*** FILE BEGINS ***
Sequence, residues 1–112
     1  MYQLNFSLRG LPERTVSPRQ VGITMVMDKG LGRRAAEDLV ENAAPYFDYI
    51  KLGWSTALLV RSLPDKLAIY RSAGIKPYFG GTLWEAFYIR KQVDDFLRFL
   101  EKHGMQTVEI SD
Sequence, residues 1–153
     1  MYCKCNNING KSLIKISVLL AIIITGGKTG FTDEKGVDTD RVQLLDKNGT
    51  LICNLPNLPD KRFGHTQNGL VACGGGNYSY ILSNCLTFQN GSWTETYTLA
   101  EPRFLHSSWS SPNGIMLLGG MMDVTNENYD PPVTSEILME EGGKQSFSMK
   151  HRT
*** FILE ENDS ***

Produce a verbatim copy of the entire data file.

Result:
Sequence, residues 1–112
     1  MYQLNFSLRG LPERTVSPRQ VGITMVMDKG LGRRAAEDLV ENAAPYFDYI
    51  KLGWSTALLV RSLPDKLAIY RSAGIKPYFG GTLWEAFYIR KQVDDFLRFL
   101  EKHGMQTVEI SD
Sequence, residues 1–153
     1  MYCKCNNING KSLIKISVLL AIIITGGKTG FTDEKGVDTD RVQLLDKNGT
    51  LICNLPNLPD KRFGHTQNGL VACGGGNYSY ILSNCLTFQN GSWTETYTLA
   101  EPRFLHSSWS SPNGIMLLGG MMDVTNENYD PPVTSEILME EGGKQSFSMK
   151  HRT